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Starving women and children wait to be transported in a chinook helicopter during the 2010 heat wave in Pakistan. (c) Pakistan Humanitarian Aid, Flickr.

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Pakistan to quadruple carbon emissions despite feeling pain of climate change

Anam Zeb, in Pakistan

24th July, 2017

As economic growth in Pakistan surges forward, and its emissions are set to soar, are the implications for climate change being forgotten, asks ANAM ZEB

Between 1994 and 2015, the country’s carbon emissions grew 123 percent.

When it comes to climate change, Pakistan’s stance has unequivocally been that of a country which is suffering the impacts but has not been responsible for the causes. 

This is a classic case of, ‘we didn’t do it, so we aren't responsible’. The country's national and international policies are focused on adaptation to the impacts of climate change, which it is already facing.

The preamble of the ‘Nationally Determined Contribution’ (NDC), Pakistan's pledge of emissions reduction submitted to the UNFCCC last year, states: "Despite Pakistan’s diminutive contribution to global GHG emissions, it is among the 
top ten most climate-affected countries of the world, as indicated by the Global Climate Risk Index developed by Germanwatch."

This is echoed in Pakistan’s Climate Change Bill, passed in 2016, which states: "Pakistan's per capita emissions of greenhouse gases today is one of the lowest in the 
world. Yet it ranks amongst the top ten countries most affected by climate change during the last twenty years."

And the theme continues through the media of Pakistan, which also regularly report on how Pakistan is the worlds "7th most vulnerable country to the impacts of climate change". 

And its true: Pakistan is not only prone to extreme weather events, such as floods, droughts, or even the heatwave in Karachi in 2015 that killed up to 1,000 people, but also slow onset impacts such as glacier melt, rising temperatures, sea level rise and soil erosion, among others.

At the same time, as Pakistan has developed, its carbon emissions have grown. Between 1994 and 2015, the country’s carbon emissions grew 123 percent.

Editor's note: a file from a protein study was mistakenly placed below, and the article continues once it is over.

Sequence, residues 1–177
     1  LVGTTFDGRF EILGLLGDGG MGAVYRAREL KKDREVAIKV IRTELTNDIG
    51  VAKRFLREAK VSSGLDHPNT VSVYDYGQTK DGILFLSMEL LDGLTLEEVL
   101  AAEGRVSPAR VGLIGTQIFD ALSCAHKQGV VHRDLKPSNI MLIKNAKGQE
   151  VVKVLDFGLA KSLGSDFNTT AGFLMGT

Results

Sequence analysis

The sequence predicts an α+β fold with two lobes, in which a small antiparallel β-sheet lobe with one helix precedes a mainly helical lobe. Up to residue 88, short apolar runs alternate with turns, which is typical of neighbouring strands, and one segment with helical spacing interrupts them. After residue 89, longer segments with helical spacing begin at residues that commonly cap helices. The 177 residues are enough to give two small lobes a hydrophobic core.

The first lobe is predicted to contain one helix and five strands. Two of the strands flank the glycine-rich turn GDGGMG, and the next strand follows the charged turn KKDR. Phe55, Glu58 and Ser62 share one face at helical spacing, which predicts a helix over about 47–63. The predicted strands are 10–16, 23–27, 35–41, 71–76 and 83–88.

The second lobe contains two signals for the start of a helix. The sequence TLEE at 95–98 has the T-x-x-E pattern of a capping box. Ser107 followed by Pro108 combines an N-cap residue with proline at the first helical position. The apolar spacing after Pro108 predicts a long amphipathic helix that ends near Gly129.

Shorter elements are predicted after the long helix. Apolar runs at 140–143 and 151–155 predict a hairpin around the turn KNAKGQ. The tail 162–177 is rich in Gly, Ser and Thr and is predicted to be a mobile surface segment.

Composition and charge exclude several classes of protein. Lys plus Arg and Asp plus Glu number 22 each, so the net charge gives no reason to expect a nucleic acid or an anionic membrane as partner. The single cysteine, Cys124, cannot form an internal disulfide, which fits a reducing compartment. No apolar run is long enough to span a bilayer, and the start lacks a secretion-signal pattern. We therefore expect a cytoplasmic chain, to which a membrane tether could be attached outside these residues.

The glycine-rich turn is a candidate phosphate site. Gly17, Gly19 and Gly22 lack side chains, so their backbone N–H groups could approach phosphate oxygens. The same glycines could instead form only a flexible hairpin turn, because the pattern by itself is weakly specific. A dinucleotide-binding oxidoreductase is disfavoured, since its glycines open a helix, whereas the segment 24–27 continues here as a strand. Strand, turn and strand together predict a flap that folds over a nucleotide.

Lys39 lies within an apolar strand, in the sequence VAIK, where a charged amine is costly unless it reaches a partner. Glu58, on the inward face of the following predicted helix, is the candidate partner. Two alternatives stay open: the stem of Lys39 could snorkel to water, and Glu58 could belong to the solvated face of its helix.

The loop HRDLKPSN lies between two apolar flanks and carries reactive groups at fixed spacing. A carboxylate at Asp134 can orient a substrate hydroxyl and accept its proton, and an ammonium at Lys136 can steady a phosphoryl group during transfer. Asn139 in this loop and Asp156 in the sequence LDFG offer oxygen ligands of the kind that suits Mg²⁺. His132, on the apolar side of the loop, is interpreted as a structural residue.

And as the country continues to push forward with economic development, under its Vision 2025 strategy and the CPEC, the prime minister recently reiterated the goal of becoming one of the top 20 economies of the world by 2025.

To achieve this economic growth, there will be a focus on the energy and transport sectors, which already account for a sizeable amount of Pakistan's emissions.

In a recent statement, Pakistan’s minister for climate change stated that given the projected economic growth trajectory, emissions in Pakistan were expected to increase from 405 metric tons carbon dioxide to more than 1,603 metric tons of CO2 in the next 15 years - that means increasing by almost four times.

And although this will still not make Pakistan a big emitter, especially in comparison to its neighbours India and China, it will still have significant environmental impacts, as well as implications for Pakistan’s position as a country that has historically painted itself as a sufferer of the impacts of climate change, and not a contributor.

From an energy perspective, Pakistan’s development plans do include investment in renewables under the China Pakistan Economic Corridor, such as the $ 1.6 billion hydropower project in Karot, the $ 1.2 billion solar power park in Bahawalpur and the $ 260 million 100-megawatt wind farm in Jhimpir.

However, these are dwarfed by the huge investments in coal energy at the same time. As a country with a growing population, which faces an energy crisis, the government is justified in investing in energy, but at what future cost?

Recent reports also suggest that the price per unit of renewable energy in Pakistan is much higher than that of its neighbours, despite being tax free.

There are also a number of other hurdles, such as Pakistan’s rapid urbanization - more than half of the country will be living in urban areas by 2025, according to UN estimates. Karachi, the port city, is already the 7th largest megacity in the world.

Not only do urban areas consume a lot of energy, they are also responsible for producing the most emissions - UNHABITAT put the total emissions from carbon from cities at 60 percent, while putting the global consumption at 78 percent. 

While Pakistan surges forward with its economic development plans, which is not only encouraging but much needed, it has two options: either to continue in its current role as a vulnerable country, and position itself through its policies as such, or to think 20 years into the future, when it will have a larger economy and a larger population, and create a balance in its policies between curbing emissions growth and adaptation needs.

Given the frequency and rate at which climate change is impacting Pakistan, it will always be a vulnerable country. However, experts are optimistic about Pakistan catching up to its neighbours, India and China, in terms of economic development, albeit with external assistance.

This also means that emissions are set to rise, and Pakistan’s current planning and policies are not fully addressing the implications this may have. 

This Author

Anam manages the media research projects of Climate Tracker, and has been investigating climate reporting in over 20 countries on three continents in countless languages. This article is part of a collaboration between Carbon Tracker and The Ecologist. 


 

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